Government Price Fixing: (Schakowsky) Rep. Jan Schakowsky (D-IL) offered an amendment that would put the government in control of setting prices for insurance premiums for seniors’ prescription drug coverage. The amendment would mandate that premiums for insurance plans offered on the National Health Exchange could not exceed 150 percent of the annual percentage increase in medical inflation, essentially placing a government price cap on premiums. In addition, the amendment would allow the Secretary of HHS to “negotiate” the drug prices in Medicare Part D and Medicare Advantage plans. In other words, the government, not the market, would fix prices for drugs. The Schakowsky amendment passed.

Federal Funding for Abortions: (Capps, Stupak and Pitts, Pitts #1) Concern over taxpayer dollars to fund abortion has been raised in all three House committees and in the Senate HELP committee. Rep. Lois Capps (D-CA) offered an amendment that would require at least one insurance plan to cover abortion in each geographical region. The amendment would also require the newly-created public plan to cover all abortion services, depending upon the fate of the Hyde Amendment, the measure that currently restricts federal funding of abortion. Rep. Capps’ amendment would also allow affordability credits, which are taxpayer-funded subsidies, to be used for health insurance plans that cover abortions.

Rep. Joe Pitts (R-PA) and Rep. Bart Stupak (D-MI) jointly introduced an amendment that would specifically prohibit federal funds from being used to cover abortion services. The Pitts-Stupak amendment failed. Rep. Pitts also offered an amendment to block any government requirement on health insurance networks to include abortion. Although this second Pitts amendment initially passed, it was reconsidered and it failed on the second Committee vote. Based on the passage of the Capps amendment and failure of the Pitts and Stupak amendments, taxpayers would end up financing abortion.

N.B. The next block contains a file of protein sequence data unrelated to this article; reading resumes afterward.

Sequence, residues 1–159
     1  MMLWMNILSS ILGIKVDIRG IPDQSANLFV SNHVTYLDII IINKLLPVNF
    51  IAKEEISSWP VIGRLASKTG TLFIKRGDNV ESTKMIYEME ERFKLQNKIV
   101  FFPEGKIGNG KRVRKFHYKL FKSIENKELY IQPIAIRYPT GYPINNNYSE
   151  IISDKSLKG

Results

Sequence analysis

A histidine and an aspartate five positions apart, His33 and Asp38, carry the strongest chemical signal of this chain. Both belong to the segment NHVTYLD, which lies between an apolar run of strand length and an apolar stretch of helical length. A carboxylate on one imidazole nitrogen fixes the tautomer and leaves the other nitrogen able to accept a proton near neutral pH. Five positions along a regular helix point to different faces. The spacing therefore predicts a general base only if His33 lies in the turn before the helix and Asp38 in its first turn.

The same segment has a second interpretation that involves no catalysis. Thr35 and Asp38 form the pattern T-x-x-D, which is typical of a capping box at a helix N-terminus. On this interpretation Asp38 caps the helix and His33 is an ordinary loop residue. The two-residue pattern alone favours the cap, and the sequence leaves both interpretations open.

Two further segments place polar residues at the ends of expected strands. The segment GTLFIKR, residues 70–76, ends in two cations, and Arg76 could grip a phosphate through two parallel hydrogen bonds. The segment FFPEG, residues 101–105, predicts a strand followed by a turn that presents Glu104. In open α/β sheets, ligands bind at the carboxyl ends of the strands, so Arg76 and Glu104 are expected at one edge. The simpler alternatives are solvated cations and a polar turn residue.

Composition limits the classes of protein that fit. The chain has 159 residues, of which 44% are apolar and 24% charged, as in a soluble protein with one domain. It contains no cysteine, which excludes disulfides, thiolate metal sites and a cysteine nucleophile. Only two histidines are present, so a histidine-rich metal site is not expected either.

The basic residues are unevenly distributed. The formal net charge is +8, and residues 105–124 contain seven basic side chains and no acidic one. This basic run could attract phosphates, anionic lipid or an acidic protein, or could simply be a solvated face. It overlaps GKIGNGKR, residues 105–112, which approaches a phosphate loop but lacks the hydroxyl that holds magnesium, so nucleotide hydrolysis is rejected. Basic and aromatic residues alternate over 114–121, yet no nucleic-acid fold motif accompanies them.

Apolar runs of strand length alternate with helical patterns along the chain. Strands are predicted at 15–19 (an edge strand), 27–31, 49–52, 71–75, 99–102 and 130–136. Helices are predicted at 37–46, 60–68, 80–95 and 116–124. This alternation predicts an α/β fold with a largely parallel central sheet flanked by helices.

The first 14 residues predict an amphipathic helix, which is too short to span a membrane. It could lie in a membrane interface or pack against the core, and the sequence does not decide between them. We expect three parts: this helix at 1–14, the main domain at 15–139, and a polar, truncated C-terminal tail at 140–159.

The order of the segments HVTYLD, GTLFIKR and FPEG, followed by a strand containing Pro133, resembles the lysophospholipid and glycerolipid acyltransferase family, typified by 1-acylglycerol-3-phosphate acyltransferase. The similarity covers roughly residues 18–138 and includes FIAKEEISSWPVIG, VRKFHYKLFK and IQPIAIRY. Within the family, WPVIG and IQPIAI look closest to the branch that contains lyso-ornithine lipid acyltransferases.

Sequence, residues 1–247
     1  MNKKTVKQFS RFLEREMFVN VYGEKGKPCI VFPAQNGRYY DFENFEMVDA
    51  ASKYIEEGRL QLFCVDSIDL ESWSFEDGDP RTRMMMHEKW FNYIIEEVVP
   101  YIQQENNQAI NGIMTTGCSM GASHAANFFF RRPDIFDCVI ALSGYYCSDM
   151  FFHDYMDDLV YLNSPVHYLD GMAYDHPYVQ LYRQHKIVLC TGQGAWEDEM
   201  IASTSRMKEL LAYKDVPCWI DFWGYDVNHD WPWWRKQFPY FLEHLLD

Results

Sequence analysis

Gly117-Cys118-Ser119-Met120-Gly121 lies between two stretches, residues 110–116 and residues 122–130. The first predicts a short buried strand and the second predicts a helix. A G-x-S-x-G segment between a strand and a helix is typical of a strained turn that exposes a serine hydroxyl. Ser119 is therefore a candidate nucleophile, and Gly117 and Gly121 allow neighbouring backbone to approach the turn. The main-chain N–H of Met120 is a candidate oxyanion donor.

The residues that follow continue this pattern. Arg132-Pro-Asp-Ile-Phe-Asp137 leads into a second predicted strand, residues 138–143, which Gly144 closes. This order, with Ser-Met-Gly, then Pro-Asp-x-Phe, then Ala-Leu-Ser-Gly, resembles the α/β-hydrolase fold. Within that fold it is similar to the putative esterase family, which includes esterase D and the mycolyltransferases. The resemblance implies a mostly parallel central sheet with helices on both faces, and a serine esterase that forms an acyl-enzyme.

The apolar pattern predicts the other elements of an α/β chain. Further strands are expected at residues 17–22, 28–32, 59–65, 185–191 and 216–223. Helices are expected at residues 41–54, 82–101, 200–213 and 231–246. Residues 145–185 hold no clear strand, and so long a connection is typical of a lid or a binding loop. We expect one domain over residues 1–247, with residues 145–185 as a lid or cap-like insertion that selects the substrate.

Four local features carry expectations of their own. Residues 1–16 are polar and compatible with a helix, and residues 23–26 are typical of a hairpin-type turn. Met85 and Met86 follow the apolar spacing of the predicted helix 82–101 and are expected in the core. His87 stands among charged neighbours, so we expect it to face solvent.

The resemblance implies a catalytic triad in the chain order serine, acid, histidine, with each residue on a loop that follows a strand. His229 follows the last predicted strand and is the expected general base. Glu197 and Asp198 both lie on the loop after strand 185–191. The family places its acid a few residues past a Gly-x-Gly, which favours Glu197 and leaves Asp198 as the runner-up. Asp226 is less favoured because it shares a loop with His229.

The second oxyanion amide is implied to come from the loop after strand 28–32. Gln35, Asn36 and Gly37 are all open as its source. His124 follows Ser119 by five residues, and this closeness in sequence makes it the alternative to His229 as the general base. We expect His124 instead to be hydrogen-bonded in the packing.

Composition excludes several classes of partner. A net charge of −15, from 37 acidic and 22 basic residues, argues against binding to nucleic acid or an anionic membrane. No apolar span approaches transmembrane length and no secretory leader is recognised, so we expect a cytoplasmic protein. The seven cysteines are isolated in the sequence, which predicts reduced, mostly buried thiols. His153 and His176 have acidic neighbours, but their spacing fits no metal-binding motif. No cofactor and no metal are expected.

Tilting the Playing Field: (Radanovich #22) Under the House bill, the Congressionally-created public health plan would receive favorable tax treatment and funding for start-up costs. Nearly all independent studies conclude, however, that the public plan would erode private health insurance coverage for millions of Americans. A major reason is that the public plan would not compete on a truly level playing field with private health insurance.

Rep. George Radanovich (R-CA) proposed that the public plan be subject to the same legal rules and standards and operate in the same business environment as private health plans. He offered an amendment that would impose these various requirements, including payment of state taxes, on the public option. The Radanovich amendment failed.